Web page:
ERDA has requested United Engineers and Constructors (UE and C) to evaluate the design of the Canadian natural uranium fueled, heavy water moderated (CANDU) nuclear reactor power plant to assess its conformance with the licensing criteria and guidelines of the U.S. Nuclear Regulatory Commission (USNRC) for light water reactors. This assessment was used to identify cost significant items of nonconformance and to provide a basis for developing a detailed cost estimate for a 1140 MWe, 3-loop Pressurized Heavy Water Reactor (PHWR) located at the Middletown, USA Site.

  7. Heterogeneous Concurrent Modeling and Design in Java (Volume 1: Introduction to Ptolemy II)

    Science.gov (United States)

    2008-04-01

    which receives support from the National Science Foundation (NSF awards #0720882 ( CSR -EHS: PRET), #0647591 ( CSR -SGER), and #0720841 ( CSR -CPS)), the U...Foundation (NSF awards #0720882 ( CSR -EHS: PRET), #0647591 ( CSR -SGER), and #0720841 ( CSR -CPS)), the U. S. Army Research Office (ARO #W911NF-07-2...Ptolemy II configuration [26]. The ability to create such separately branded and packaged subsets of Ptolemy II is a major feature. The semantics of hybrid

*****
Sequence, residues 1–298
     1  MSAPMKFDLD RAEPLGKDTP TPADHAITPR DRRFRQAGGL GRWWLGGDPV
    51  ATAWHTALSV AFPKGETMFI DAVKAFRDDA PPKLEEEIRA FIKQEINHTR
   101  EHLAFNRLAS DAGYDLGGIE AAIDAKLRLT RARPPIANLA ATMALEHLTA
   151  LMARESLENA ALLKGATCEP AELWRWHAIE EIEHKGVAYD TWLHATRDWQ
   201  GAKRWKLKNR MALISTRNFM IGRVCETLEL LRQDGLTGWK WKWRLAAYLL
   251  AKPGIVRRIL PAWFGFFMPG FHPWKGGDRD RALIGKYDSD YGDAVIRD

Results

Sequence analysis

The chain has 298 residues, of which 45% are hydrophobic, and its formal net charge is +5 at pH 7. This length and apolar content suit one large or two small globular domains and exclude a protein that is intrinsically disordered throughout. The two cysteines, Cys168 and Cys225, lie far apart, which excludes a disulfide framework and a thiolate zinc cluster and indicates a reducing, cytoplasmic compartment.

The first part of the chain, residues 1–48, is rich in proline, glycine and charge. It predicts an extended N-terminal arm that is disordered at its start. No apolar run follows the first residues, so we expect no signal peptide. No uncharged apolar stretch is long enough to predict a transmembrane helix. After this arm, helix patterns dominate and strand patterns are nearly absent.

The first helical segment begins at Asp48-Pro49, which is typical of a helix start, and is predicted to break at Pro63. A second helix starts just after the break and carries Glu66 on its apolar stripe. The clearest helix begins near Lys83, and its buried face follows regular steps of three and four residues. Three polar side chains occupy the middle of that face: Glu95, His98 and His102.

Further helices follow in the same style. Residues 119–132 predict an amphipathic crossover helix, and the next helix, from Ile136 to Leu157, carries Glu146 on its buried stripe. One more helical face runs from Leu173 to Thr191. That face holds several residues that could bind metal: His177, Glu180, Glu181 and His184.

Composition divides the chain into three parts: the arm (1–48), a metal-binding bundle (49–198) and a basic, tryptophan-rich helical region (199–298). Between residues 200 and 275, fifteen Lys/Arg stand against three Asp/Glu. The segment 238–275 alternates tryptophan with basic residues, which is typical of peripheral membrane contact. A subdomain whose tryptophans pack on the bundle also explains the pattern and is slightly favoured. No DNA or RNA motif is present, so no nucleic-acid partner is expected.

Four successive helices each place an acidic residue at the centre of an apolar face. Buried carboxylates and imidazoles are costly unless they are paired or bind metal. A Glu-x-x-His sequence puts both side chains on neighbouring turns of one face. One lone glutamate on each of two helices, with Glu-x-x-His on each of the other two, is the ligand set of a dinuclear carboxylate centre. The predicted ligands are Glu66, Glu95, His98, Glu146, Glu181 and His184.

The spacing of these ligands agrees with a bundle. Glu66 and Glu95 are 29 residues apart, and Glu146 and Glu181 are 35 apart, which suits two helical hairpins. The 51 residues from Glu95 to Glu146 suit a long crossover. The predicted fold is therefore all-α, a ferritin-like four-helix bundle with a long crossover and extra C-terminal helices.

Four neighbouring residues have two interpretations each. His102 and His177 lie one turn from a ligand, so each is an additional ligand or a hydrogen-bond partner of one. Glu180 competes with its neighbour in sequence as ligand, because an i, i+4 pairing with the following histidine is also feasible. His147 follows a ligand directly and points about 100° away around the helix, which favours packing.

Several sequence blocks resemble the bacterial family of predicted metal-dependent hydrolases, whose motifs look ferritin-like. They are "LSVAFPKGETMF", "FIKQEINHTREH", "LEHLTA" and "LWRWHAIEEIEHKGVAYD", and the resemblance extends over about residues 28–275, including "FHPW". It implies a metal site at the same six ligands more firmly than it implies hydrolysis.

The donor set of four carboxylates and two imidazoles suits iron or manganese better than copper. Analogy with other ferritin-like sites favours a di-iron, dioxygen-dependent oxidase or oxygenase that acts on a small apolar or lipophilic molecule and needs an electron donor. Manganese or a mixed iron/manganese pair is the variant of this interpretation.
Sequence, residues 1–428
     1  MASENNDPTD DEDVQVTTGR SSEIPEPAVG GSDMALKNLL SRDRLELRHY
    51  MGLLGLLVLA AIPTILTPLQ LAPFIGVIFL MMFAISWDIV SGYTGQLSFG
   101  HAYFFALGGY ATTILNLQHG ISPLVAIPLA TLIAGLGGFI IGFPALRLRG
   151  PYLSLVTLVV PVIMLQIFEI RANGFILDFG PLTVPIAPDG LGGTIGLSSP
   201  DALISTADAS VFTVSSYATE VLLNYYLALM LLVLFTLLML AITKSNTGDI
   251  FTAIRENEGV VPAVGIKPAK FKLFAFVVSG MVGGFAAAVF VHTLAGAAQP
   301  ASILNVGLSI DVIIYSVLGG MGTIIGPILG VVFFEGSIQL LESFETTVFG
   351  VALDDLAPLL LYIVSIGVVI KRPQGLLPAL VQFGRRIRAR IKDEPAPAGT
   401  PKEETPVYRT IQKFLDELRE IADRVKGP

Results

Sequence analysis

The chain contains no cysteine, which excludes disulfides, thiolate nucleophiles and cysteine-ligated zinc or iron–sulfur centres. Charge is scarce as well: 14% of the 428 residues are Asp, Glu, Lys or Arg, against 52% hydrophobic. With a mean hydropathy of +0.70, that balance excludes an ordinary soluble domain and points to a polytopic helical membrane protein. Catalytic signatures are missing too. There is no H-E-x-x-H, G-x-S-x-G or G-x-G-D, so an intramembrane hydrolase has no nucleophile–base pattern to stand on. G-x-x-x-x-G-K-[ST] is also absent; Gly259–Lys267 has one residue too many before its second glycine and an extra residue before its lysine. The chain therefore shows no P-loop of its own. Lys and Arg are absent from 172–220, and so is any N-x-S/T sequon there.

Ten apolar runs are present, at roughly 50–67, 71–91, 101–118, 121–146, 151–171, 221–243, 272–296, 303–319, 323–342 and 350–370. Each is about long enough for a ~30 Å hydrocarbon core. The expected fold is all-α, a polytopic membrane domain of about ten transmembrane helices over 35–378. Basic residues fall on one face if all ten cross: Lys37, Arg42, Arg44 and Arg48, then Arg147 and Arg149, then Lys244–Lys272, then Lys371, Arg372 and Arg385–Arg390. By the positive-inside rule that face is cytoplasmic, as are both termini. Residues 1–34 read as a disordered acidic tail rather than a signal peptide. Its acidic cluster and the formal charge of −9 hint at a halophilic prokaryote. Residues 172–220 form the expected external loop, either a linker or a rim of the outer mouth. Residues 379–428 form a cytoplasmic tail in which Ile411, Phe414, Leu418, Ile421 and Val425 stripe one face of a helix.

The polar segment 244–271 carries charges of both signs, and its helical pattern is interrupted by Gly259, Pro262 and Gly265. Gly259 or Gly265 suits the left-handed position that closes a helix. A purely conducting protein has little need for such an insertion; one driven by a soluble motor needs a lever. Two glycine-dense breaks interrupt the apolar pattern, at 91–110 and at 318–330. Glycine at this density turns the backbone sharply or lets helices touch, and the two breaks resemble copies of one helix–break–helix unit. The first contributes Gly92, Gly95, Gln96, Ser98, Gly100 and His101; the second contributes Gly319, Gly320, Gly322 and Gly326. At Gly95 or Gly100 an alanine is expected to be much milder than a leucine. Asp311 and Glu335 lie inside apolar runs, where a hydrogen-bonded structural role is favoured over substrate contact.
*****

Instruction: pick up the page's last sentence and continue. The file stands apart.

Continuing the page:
8. Solar/hydrogen systems technologies. Volume II (Part 1 of 2). Solar/hydrogen systems assessment. Final report

    Energy Technology Data Exchange (ETDEWEB)

    Escher, W. J.D.; Foster, R. W.; Tison, R. R.; Hanson, J. A.

    1980-06-02

    Volume II of the Solar/Hydrogen Systems Assessment contract report (2 volumes) is basically a technological source book. Relying heavily on expert contributions, it comprehensively reviews constituent technologies from which can be assembled a wide range of specific solar/hydrogen systems. Covered here are both direct and indirect solar energy conversion technologies; respectively, those that utilize solar radiant energy input directly and immediately, and those that absorb energy from a physical intermediary, previously energized by the sun. Solar-operated hydrogen energy production technologies are also covered in the report. The single most prominent of these is water electrolysis. Utilization of solar-produced hydrogen is outside the scope of the volume. However, the important hydrogen delivery step is treated under the delivery sub-steps of hydrogen transmission, distribution and storage. An exemplary use of the presented information is in the synthesis and analysis of those solar/hydrogen system candidates documented in the report's Volume I. Morever, it is intended that broad use be made of this technology information in the implementation of future solar/hydrogen systems. Such systems, configured on either a distributed or a central-plant basis, or both, may well be of major significance in effecting an ultimate transition to renewable energy systems.

  9. GENII (Generation II): The Hanford Environmental Radiation Dosimetry Software System: Volume 3, Code maintenance manual: Hanford Environmental Dosimetry Upgrade Project

    Energy Technology Data Exchange (ETDEWEB)

    Napier, B.A.; Peloquin, R.A.; Strenge, D.L.; Ramsdell, J.V.

    1988-09-01